Author: Michelle Waknine
Morrisons face having to pay compensation to thousands of employees, following a recent decision of the High Court that the UK’s fourth largest chain of supermarkets was vicariously liable for a rogue employee leaking payroll information online.
This decision follows the outcome of the first class action concerning a data breach in the UK, brought by over 5,500 of Morrisons’ employees seeking compensation in respect of the online publication in 2014 of a file containing personal details of 99,998 employees. The data included names, addresses, dates of birth, phone numbers, national insurance numbers, bank sort codes, bank account numbers and salary details.
The data had been posted on a file-sharing website by a senior IT auditor employed by Morrisons, Andrew Skelton, who had become disgruntled after being temporarily suspended and receiving a formal verbal warning following the discovery of his sideline in distributing a (legal) slimming drug. He felt this was unjustified. Over a period of months, Skelton was found to have taken steps to secretly lift the data and post it online. Once the leak was spotted, Skelton was arrested and charged with offences under the Computer Misuse Act 1990 and Data Protection Act 1998 (DPA) for which he was convicted and sentenced to 8 years’ imprisonment. The Morrisons’ staff who were affected by the leak commenced court proceedings against Morrisons.
The courts acknowledged Morrisons’ efforts to defuse the situation and the data security systems they had in place (within a few hours of discovery Morrisons had alerted the police and taken steps to ensure that the data had been removed online). Accordingly, the court found that Morrisons were not in breach of the Data Protection Act 1998 (DPA), the tort of misuse of private information, or liable for breach of confidence themselves. However, Morrisons were found to be vicariously liable on all of these grounds as a result of Skelton’s (albeit criminal) actions as their employee. Vicarious liability is where persons are liable for the acts of others even when they have not done anything wrong themselves. It has long been established that employers may be vicariously liable for the actions of their employees if there is a sufficient connection between the employee’s wrongdoings and their employment.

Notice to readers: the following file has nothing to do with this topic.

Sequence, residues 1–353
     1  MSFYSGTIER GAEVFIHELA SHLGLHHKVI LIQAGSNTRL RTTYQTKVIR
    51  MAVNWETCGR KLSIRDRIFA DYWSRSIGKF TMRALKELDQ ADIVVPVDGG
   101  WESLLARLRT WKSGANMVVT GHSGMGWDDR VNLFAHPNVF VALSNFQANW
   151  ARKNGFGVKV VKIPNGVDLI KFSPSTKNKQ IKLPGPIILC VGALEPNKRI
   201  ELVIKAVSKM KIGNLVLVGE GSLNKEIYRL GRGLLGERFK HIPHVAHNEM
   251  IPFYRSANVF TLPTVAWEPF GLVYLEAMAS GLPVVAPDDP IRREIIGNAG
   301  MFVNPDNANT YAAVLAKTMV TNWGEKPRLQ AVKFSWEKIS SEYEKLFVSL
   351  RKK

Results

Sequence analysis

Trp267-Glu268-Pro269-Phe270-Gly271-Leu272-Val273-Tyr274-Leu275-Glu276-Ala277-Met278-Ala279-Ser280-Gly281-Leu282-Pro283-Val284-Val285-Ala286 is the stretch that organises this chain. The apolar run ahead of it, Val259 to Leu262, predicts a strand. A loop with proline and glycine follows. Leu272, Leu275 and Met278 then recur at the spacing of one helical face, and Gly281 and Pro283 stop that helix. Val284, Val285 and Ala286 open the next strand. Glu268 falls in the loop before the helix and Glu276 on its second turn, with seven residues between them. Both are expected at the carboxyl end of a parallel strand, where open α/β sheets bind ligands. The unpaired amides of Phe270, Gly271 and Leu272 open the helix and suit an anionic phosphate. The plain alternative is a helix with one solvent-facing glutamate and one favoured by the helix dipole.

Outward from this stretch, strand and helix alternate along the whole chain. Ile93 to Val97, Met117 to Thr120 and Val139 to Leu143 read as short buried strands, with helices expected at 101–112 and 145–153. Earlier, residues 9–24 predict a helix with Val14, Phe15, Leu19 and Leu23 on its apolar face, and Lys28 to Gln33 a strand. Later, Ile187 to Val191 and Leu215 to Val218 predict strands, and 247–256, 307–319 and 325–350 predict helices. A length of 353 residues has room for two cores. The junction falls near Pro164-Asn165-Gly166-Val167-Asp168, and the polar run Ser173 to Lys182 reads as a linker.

Morrisons argued that they were not “on the field” for vicarious liability since they could no longer be considered as “data controller” for the purpose of the DPA in respect of the data leaked by Skelton, however this was rejected. The court held that the question was not whether Morrisons did wrong, but whether, when Skelton misused the information, his acts were “closely connected” with his employment.
The court concluded that Morrisons had entrusted Skelton with the payroll data. Dealing with the data was a task specifically assigned to him and, day in and day out, he was in receipt of information which was confidential or to have limited circulation only. Morrisons took the risk they might be wrong in placing trust in him, and they were therefore held responsible.
One concern expressed by the court is that by deciding in favour of Morrisons’ employees, this could be viewed as making Morrisons an “accessory” in furthering Skelton’s “criminal aims” of harming Morrisons. Accordingly, the court has granted Morrisons leave to appeal, and it is understood that Morrisons are intending to appeal the decision.
From a data protection perspective, this decision raises interesting issues and could open a can of worms in respect of data processing contracts (between e.g. companies and suppliers who deal with data on their behalf) and the allocation of liability between the parties in respect of the acts of employees.
The decision has also triggered major concerns for data controllers, particularly of large scale organisations, as the case leaves a rogue-employee-shaped gaping hole in the ability to guard against risks of data security breaches.
It is interesting however, to note the court’s indication that a higher standard is expected as to the measures implemented to protect data relating to 100,000 employees than is expected of a small enterprise employing six or seven workers. This emphasises the importance (particularly in anticipation of the General Data Protection Regulation coming into force in May 2018) of implementing systems that are appropriate and specifically tailored to the size and nature of the business, rather than adopting a generic “tick-box” approach, and for businesses to re-evaluate the extent to which it is necessary for employees to be granted unlimited access to data.
Michelle Waknine, Associate, Fladgate LLP (email@example.com)
Louise Gibson, Associate, Fladgate LLP (firstname.lastname@example.org)